Should Party B be registered on the network, the method proceeds to another decision step 326 wherein it is determined if Party B is busy (a call is already existing at Party B's location).
If Party B is not busy, Party B is able to accept the call provided the network can transmit the call without jeopardizing the Quality of Service of other existing calls. Accordingly, the method proceeds to step 334 as described below. If Party B is currently busy, the method checks to see what the relative priorities are of the existing call vs. the new (invited) call. Specifically, at decision step 328, a determination is made to see if the existing call has a lower priority than the invited call. If this condition is false, i.e., the existing call is of higher priority, then the method proceeds to step 346 where a call reject message is sent to softswitch 112 1, and both the softswitches 112 1 and 112 2 proceed to clear the call. The method ends at step 348.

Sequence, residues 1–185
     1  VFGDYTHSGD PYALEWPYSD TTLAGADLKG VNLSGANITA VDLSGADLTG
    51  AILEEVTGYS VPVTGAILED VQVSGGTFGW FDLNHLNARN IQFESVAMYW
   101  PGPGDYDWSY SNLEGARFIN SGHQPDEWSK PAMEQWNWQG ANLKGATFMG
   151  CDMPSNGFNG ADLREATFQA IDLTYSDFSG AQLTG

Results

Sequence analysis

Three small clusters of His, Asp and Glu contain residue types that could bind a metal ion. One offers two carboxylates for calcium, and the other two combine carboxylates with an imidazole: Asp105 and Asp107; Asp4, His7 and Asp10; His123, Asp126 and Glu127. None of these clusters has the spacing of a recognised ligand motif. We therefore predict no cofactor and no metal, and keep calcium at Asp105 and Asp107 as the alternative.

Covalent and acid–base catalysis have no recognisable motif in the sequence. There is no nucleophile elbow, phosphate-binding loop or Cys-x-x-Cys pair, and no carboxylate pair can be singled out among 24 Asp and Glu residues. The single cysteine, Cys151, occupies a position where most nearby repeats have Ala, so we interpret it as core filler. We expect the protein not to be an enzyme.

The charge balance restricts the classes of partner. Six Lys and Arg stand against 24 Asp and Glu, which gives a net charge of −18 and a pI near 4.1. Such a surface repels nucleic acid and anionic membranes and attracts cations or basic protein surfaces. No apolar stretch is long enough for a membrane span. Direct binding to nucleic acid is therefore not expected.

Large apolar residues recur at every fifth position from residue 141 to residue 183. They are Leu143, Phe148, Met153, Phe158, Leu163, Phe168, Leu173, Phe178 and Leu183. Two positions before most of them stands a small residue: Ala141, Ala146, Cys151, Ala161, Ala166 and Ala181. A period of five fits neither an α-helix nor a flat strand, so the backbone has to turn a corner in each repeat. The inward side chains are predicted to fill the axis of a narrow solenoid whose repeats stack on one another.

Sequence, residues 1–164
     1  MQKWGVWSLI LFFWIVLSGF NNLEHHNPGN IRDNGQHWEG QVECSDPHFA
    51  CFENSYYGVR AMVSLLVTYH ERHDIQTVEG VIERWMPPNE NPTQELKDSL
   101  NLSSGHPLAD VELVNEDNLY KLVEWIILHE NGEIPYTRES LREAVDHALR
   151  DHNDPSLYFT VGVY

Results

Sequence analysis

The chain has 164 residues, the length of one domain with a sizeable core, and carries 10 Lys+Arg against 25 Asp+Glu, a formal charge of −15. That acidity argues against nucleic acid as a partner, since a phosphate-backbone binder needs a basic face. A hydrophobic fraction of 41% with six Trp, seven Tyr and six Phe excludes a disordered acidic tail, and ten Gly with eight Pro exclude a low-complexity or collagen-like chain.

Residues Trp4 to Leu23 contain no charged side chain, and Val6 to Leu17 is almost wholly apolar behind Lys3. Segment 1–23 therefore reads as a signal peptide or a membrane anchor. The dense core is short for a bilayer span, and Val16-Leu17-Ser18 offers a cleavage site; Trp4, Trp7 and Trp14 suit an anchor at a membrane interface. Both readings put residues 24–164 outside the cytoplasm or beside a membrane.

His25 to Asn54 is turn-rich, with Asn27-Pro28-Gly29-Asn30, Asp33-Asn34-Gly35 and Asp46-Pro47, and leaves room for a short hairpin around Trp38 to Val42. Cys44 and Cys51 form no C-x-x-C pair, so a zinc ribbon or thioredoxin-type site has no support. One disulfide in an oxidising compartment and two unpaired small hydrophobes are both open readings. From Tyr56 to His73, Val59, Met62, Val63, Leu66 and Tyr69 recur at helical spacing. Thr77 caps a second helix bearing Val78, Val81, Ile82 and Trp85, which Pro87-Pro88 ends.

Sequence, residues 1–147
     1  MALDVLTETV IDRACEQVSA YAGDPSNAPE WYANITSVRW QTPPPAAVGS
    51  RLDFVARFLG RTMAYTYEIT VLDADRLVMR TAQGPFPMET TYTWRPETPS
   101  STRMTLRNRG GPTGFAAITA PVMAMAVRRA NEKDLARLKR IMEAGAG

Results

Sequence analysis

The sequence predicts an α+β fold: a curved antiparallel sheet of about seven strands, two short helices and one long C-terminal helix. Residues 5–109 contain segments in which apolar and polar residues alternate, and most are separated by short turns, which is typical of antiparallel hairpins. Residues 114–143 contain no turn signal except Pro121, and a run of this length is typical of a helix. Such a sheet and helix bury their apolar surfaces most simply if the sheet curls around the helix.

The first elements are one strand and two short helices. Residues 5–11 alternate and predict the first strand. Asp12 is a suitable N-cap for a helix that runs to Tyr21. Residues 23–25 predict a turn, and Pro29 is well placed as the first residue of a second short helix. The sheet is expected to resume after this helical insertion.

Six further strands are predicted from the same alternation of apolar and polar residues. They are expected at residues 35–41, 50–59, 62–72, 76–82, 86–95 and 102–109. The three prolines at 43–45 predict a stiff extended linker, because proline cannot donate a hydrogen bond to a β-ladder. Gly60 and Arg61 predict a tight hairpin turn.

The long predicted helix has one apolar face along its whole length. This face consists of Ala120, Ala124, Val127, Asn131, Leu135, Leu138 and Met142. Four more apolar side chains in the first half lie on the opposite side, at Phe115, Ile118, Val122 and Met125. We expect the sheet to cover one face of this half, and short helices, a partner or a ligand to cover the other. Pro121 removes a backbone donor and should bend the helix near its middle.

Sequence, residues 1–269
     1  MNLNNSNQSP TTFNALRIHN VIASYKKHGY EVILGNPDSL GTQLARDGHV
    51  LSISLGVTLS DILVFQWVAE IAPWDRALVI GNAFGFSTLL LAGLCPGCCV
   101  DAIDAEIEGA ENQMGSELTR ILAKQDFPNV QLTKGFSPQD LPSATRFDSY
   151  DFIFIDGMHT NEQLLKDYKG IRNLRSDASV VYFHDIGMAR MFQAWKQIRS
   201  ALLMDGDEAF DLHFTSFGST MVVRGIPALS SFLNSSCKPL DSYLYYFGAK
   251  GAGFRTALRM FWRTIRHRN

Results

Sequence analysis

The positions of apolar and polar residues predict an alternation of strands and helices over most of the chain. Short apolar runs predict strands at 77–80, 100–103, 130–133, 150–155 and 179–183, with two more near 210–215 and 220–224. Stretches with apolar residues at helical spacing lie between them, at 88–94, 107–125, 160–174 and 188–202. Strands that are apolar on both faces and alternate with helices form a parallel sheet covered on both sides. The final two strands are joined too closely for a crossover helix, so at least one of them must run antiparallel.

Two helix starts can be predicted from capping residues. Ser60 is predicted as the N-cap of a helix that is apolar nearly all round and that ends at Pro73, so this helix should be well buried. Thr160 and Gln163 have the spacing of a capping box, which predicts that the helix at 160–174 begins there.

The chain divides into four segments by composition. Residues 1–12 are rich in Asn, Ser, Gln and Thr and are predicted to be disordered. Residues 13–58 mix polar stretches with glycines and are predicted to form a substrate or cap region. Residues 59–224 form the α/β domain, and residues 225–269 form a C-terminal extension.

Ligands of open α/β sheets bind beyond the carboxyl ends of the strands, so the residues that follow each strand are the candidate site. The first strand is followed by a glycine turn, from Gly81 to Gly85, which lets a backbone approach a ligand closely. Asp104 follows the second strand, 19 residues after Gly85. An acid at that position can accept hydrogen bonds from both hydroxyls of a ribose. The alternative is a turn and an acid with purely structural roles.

If this condition is true, i.e., Party B is currently busy but the existing call has a lower priority than the new call, the method proceeds to step 330 where the method sends a preemption tone or message to Party B. Should there also be other parties on the existing call to which Party B is interacting with, the preemption message also is sent to those other parties. Upon receiving the preemption message, Party B terminates the existing call by going “on-hook” and generates and sends a “bye” message to second softswitch 112 2 at step 332.